I’ve been following PsycApps, a startup that came up with a gamified mental health game”eQuoo‘, since 2016, and this company – and its founder – is nothing but adamant in ‘turning in the wind’. Last we heard, it had been approved by the UK’s National Heath Service and even distributed by Unilever. And, of course, the aftermath of the COVID-19 pandemic has only increased the need for mental health startups.
But now it is gaining approval from the investment community in the form of $1.7 seed capital from the US-based Morning Activities.
eQuoo describes itself as an ‘evidence-based gamified mental health game for teens and young adults’ and is now launching its platform in the 50% of teens and teens who indicate themselves struggling with one or more psychological problems.
PsycApp’s platform provides a mental health intervention game aimed at higher education institutions, many of which are now legally required to care for students’ mental health. And because eQuoo has gone through clinical trials, it contracts with schools that need that validation to offer it to students. In theory, this means that any other platform trying to do the same will encounter a barrier to enter this market.
In a statement, Stephen Bruso of Morningside Ventures noted that low engagement with mental health apps is a problem, but he thinks eQuoo has cracked the model: “Digital health interventions will be critical in how our society second, ongoing pandemic of mental health issues. However, it is critical to design these interventions to maximize engagement and long-term outcomes. Silja and her team have shown robust data on engagement and outcomes in large clinical trials.”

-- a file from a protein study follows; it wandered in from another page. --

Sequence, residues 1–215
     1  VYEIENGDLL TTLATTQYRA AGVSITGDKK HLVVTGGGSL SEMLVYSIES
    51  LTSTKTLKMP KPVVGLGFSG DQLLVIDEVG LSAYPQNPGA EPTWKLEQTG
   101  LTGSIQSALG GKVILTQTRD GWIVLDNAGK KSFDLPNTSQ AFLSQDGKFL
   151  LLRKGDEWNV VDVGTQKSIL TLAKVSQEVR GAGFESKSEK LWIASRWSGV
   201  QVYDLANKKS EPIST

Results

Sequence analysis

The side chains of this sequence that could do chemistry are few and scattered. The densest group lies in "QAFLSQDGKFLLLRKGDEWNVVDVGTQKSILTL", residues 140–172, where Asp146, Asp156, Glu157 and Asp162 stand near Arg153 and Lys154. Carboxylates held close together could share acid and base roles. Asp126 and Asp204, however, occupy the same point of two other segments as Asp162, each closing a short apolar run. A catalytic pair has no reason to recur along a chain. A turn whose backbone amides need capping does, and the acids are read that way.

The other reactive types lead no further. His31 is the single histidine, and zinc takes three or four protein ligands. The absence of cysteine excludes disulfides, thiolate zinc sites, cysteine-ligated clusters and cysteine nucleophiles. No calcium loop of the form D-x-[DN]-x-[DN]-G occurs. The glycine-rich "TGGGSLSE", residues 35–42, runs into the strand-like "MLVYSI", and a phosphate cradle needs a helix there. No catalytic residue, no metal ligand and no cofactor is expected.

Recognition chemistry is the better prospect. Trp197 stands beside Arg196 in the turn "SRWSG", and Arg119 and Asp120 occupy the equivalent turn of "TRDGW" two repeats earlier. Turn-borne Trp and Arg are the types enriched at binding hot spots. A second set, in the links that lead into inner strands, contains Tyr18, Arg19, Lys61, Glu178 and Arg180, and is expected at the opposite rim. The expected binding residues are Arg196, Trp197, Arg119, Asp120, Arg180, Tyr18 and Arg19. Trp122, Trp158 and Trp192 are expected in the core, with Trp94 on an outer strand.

Clinical Psychologist and Founder Silja Litvin – together with co-founder Vanessa Hirsch-Angus – points out that 70% of 16 to 28 year olds casual gamershence she has had eQuoo stamina among young adults who are used to the game mechanic.
The appeal of eQuoo to EdTech – it says – is that high schools, colleges and universities are required by law to keep their students healthy, and that increasingly means mental – and physical – health. In the UK, Ofsted, the UK education regulator and evaluator of schools and colleges, has made it a requirement for schools and colleges to include a ‘resilience and personal growth program’ in their curriculum before they can achieve a top score.
eQuoo claims it is the only tool covered by Ofsted that has clinical trials “positively impacting student resilience, anxiety and depression,” it says.
Regional College and Paragon Skills are two of eQuoo’s newest clients, with nearly 20,000 students and apprentices across the UK.
During a phone call with me, Litvin said the startup had gained traction after moving from a short-term game to a long-term game, a move that tipped the balance for Morningside’s investment.
“We’ve completely rebooted the game, added multiple stories, an in-app arcade, and an in-app chatbot that gives you feedback on your well-being. We went from five weeks to 52 weeks. We have an in-app arcade with a lot of games and a lot of exercises that are all related to mental health,” she told me.
“With this financing, we ensure that it never ends. You could potentially use the game for the rest of your life if you wanted to, which isn’t a problem because it’s also in the area of personal growth. So it’s not just about tackling mental health.”
I told her that selling in the education market is notoriously difficult, especially for startups.
She countered, “Ofsted just released an update stating that if a school wants a full assessment, it must have a Resilience and Personal Development product program. We are the only evidence-based, infinitely scalable product created specifically for those youth age group, which has undergone clinical trials to demonstrate its efficiency in resilience and personal development… Schools struggle to find a program and most programs are not evidence-based and are not scalable, as eQuoo is. ”
She added that Moningside has lines to “all the major universities in the US,” which will help it scale up in North America.
Litvin also added that the company had to “run on vape” for a while before securing the Seed round: “We’ve phased out. We haven’t paid ourselves for several months. With this money we can go into growth mode. ”